Preparing almost any recipe from “Madhur Jaffrey’s Quick & Easy Indian Cooking” is sure to please my partner in matrimony, but in her presence I must take care how I phrase the dish. Last night for instance, I delved into Jaffrey’s gems and made “Spicy Grilled Chicken” and “Green Peas in Creamy Sauce.” I learned decades ago that “creamy” is one of quite a few words that sets off my sweetie’s logomisia, “disgust or hatred for certain words or a particular word.” That’s not to be confused with misophonia, which occurs when “certain sounds cause emotional or physiological responses,” like snoring, or fingernails on blackboards. According to “13 Weird-Sounding Words That Will Make You Cringe, “an online article by Carolyn Steber, “Linguists believe that there are three things that can influence a person’s aversion to words: connotation, sound, and social transmission.”
“Connotation” means words associated with inappropriateness, and “social transmission” is when you think others don’t like certain words. However, true logomisia is aroused by the third influencer: sound. A word like “moist,” with “oi” in it, “sounds like a viscous fluid that doesn’t easily ‘drop’.” “Creamy” also made Steber’s list, but “moist” is the new leader in hated words. In Brandon Specktor’s “This Is the Most Annoying Word in the English Language” online article described the Marist Institute for Public Opinion poll on “which words are the most loathed in the land” and claims the title for “moist,” supplanting ‘whatever’ which had been “most hated” for the previous twelve years.
A similar online article, “Worst 15 Jargon Words of 2020,” described “Buzzsaw, an online tool that strips the buzzwords out of press releases, speeches, and blog posts. Buzzsaw released their list of words to avoid based on their algorithms, and the topper was one that sets off my logomisia: “curated” (“a word that has been brutalized by Hipster culture”). Next was “content” (“Second only to the vacuum of space as the emptiest thing in the universe. It’s like calling literature or journalism ‘words’”). Also listed was “awesome” (“not since the devaluation of the Zimbabwean dollar has something devalued as much as the word ‘awesome’”).
To my dismay, the term I’ve recently come to despise, “whatnot,” didn’t make the cut for Buzzsaw. Like “robust,” another overused term, it’s cropping up with annoying frequency — I can attest that the TV announcer for the Texas Ranger baseball team uses it a half dozen times per game. In truth, “whatnot” first appeared in print in the 1530s, meaning “anything,” according to the Online Etymological Dictionary, and also was “elliptical for ‘what I may not say,’ implying ‘everything else,’” as in “we kissed and whatnot.” A whatnot is also a piece of furniture “first attested in 1808, so named for the objects it is meant to hold.” Google’s N-Gram Viewer shows that use of “whatnot” spiked enormously in the 1930s-40s, declined halfway until 1980 when its re-resurgence began and continues, much to my aggravation.
That baseball announcer’s constant use of “whatnot” smacks of laziness to me, but am I being a snob? The American Heritage Dictionary defines “snob” as “a person who looks down on or snubs people who that person considers as being of a lower social class,” and as “a person who feels an undue sense of intellectual or aesthetic superiority.” I think the first meaning doesn’t fit me, but the second feels uncomfortably close.
The Oxford English Dictionary’s first definition of “snob” is 1781’s “a shoemaker or cobbler” because the OED lists each word’s meanings historically. Next came Cambridge slang for “a townsman” (1796) as opposed to “a gownsman,” or scholar.” Then “a person belonging to the ordinary or lower classes of society” (1831), “one who has little or no breeding” (1838) and “one who meanly or vulgarly admires and seeks to imitate or associate with those of superior rank or wealth” (1848). Finally, in 1911 it meant “one who despises those who are considered inferior in rank, attainment, or taste.” For the record, other OED definitions include “the last sheep to be sheared” (1945) and “a game of cricket played with a soft ball and thick stick in lieu of a bat” (1888), and a “snobling” is “a little, young, or petty snob,” a “snobdom” is an “aggregate of snobs,” and a snobographer” is “a writer on, or a describer of, snobs.”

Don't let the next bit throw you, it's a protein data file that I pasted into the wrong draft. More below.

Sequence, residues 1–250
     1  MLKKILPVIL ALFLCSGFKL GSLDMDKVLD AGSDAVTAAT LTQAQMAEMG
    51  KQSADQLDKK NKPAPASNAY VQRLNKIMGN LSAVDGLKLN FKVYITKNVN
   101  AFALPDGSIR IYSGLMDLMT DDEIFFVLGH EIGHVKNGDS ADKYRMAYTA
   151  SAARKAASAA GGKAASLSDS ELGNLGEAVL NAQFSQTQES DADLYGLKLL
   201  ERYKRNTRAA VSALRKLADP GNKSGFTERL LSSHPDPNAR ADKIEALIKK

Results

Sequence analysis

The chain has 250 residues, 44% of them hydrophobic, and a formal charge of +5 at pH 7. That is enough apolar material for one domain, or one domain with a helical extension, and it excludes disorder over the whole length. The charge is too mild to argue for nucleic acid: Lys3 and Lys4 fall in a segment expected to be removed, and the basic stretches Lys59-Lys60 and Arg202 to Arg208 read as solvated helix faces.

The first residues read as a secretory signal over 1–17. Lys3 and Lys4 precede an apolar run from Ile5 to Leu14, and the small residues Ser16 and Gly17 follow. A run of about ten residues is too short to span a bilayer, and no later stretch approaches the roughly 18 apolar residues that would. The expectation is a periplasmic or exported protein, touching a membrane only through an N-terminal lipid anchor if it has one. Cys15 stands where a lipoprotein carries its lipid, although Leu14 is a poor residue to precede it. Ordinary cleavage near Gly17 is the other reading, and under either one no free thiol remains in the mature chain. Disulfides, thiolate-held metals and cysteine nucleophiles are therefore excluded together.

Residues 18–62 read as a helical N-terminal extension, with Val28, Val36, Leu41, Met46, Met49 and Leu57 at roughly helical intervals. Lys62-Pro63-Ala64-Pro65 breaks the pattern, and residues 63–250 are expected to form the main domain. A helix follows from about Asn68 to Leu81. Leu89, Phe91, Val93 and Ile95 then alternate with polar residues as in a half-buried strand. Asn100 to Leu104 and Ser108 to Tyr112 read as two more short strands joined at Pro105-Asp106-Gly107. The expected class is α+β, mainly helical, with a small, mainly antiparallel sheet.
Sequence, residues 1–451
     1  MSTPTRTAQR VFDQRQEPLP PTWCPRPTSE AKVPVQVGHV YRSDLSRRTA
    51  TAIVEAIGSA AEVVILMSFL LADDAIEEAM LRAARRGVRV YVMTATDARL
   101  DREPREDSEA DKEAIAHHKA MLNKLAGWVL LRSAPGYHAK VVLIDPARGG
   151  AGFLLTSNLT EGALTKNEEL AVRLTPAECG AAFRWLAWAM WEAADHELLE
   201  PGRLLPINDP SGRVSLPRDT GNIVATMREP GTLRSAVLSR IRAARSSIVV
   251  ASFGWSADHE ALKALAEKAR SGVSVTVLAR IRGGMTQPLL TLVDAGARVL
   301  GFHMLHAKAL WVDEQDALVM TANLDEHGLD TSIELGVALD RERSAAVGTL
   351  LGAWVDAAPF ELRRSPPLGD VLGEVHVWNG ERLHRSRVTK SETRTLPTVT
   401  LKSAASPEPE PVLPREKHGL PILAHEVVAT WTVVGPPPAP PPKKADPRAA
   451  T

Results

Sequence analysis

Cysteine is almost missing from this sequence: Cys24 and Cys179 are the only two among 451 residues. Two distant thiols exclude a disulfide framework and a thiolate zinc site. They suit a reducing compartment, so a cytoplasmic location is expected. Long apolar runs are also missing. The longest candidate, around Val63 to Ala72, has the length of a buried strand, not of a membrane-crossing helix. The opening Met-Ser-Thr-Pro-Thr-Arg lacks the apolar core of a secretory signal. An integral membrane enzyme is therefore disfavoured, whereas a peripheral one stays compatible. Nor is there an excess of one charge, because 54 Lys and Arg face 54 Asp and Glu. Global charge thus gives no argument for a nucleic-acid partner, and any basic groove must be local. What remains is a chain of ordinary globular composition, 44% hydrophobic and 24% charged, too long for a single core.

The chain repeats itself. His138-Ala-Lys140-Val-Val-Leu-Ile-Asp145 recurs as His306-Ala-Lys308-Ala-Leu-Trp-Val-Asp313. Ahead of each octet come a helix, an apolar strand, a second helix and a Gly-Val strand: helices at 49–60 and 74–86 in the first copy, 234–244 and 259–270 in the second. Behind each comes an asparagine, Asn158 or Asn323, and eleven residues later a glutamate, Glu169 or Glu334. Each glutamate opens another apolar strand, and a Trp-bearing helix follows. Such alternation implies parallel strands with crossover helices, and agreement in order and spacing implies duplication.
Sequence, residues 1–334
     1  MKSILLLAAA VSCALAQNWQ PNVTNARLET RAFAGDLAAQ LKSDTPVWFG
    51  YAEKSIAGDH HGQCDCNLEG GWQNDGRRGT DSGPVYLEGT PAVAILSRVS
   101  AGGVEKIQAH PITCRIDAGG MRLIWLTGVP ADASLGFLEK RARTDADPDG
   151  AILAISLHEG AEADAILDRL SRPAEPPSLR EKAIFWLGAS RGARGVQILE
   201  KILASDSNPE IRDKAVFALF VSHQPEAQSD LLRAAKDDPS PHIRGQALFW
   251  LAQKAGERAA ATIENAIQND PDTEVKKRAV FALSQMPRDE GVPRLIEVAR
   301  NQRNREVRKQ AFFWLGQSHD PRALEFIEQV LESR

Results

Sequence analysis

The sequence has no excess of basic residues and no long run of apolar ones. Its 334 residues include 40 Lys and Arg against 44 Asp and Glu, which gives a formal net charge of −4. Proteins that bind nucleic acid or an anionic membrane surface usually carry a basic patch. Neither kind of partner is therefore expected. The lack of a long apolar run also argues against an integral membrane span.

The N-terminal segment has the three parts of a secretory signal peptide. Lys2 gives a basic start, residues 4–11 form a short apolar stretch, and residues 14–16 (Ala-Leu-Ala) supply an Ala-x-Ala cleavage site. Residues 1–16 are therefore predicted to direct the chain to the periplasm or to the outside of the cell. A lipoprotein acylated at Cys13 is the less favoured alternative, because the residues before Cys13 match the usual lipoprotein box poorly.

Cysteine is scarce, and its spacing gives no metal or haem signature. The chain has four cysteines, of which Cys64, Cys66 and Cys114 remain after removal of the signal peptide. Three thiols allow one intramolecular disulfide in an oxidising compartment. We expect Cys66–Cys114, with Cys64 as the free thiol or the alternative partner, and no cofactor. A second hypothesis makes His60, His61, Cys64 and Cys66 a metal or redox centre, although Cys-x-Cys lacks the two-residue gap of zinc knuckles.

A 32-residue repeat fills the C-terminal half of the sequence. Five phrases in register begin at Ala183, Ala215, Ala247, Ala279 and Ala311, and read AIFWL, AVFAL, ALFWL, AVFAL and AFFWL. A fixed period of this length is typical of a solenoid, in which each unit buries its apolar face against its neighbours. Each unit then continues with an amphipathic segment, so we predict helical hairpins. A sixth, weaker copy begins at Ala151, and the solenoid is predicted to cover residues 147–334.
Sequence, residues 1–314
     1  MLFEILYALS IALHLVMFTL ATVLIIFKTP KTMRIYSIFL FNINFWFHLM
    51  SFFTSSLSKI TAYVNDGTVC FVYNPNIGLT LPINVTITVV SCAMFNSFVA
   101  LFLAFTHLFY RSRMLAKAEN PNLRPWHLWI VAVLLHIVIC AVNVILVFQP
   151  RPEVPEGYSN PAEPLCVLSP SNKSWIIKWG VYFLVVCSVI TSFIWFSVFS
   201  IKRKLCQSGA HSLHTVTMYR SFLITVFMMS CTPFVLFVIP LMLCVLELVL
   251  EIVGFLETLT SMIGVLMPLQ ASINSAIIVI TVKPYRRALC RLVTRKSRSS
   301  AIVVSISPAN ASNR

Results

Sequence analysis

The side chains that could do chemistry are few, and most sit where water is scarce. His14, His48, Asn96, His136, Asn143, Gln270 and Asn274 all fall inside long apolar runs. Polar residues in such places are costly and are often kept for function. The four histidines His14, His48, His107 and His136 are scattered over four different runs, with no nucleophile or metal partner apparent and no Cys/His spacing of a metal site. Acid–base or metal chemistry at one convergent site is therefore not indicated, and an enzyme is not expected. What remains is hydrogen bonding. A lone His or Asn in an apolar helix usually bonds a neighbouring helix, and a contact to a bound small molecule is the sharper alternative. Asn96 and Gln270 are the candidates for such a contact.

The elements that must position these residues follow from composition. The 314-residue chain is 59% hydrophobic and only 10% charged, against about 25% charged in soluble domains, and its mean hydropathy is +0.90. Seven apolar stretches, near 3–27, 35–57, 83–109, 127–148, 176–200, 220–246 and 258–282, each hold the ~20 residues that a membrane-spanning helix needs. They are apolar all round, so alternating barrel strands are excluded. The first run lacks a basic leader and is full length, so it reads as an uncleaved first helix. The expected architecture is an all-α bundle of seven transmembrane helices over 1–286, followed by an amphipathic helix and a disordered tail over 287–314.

That certainly describes Tatler, “a British magazine published by Conde Nast Publications focusing on fashion and lifestyle, as well as high society and politics” founded in 1901, according to Wikipedia, who said that Tatler’s “readership is the wealthiest of all Conde Nast publications,” and that “with a readership of around 160,000, it’s fair to say many readers have appeared within it at some point … so limited is the pool they fish from.” Their article on “Great Snobs of History” allowed me to see I’m not in the same league as Virginia Woolf (who described James Joyce’s “Ulysses” as “An illiterate, underbred book it seems to me; the book of a self-taught working man, and we all know how distressing they are, how egotistic, insistent, raw, striking and ultimately nauseating”), and English country house expert James Lees-Milne (who “abhorred the word ‘garage’ and referred to it as a ‘motor house’ instead. He once noted in his diary that he and a female friend had decided they preferred ‘the company of stupid, well-bred people to that of intelligent, common people’”).
“The Tatler Guide to Snobbery” lists what’s “Not OK” to be snobbish about (paper napkins, cheap chocolates, saying “perfume” instead of “scent,” and using liquid soap to wash your hands). The “OK” list (visible bra straps, talking in lifts, coloured loo paper, red cars, and cleaning your knife with your fork in mid-air”). And one other thing it’s OK to be snobby about: “People who don’t have any books in their house.”